Likewise, the pseudo-radical Socialist Alliance sought to keep youth and workers tied to the corpse of the ALP and the trade unions. Its campaign appealed to the unions to mount a campaign against privatisation—that is, to the same organisations that shut down strikes and protests by thousands of workers against the Bligh government’s public asset sell-off.

The shift in working-class allegiances away from Labor, which has been underway for three decades, has now reached a new level. In the early 1980s, the ALP repudiated the nostrums of social reform and transformed itself openly into an agency for the banks and corporations. Its old national reformist program—seeking to win limited reforms within the framework of a nationally regulated economy—was shattered by the globalisation of production.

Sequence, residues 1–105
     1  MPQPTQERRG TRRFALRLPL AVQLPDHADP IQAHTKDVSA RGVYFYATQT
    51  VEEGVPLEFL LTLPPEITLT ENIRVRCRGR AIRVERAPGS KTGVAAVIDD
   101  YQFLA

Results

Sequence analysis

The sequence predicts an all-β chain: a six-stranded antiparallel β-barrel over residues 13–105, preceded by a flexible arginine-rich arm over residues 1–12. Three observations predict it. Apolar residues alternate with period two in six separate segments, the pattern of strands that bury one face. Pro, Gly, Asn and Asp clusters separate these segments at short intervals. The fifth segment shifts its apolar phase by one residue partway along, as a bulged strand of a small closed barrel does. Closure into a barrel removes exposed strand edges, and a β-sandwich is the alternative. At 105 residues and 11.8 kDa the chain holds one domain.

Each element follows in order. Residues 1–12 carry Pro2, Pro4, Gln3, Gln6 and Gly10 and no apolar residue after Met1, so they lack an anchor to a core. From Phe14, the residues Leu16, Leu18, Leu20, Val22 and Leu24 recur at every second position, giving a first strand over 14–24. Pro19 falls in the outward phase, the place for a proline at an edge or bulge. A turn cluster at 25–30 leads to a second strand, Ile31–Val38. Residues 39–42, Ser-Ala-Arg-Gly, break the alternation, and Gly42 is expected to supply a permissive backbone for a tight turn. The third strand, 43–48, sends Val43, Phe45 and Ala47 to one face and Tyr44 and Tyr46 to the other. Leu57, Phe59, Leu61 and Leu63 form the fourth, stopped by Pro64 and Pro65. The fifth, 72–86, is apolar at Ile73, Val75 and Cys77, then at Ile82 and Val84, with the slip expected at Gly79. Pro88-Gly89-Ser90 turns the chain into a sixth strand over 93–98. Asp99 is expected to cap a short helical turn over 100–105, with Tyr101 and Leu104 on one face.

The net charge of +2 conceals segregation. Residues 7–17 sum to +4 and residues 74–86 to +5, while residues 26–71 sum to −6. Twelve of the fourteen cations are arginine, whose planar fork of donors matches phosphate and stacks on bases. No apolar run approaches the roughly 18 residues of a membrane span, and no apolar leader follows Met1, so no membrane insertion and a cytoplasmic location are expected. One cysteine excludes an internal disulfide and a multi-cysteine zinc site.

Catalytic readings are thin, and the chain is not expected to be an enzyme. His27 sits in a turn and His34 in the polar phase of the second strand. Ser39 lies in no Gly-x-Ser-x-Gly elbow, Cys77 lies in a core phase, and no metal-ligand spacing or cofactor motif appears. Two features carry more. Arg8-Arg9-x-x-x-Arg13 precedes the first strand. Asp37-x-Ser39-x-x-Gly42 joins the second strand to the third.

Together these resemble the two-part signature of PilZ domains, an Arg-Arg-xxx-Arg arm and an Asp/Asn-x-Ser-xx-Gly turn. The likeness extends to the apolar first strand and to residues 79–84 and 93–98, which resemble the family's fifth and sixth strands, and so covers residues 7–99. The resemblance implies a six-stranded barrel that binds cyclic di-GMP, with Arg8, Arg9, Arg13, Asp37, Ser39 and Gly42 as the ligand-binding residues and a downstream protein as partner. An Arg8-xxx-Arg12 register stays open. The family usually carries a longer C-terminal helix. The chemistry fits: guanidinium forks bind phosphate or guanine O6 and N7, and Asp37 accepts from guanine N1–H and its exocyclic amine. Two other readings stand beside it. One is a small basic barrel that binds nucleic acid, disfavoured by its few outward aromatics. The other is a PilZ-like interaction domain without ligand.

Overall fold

Since the 2008 global crash, finance capital has unleashed a new stage in the worldwide assault on the social position of the working class. The Gillard government, and its state Labor counterparts, have been fully committed to this program. The Queensland rout demonstrates, however, that hostility, by itself, cannot answer this offensive. Labor’s defeat has only made way for a LNP regime that will step up the onslaught. This bitter experience demonstrates the necessity for a conscious political break from the pro-capitalist perspective of Laborism and a turn to the only progressive alternative: a socialist and internationalist program.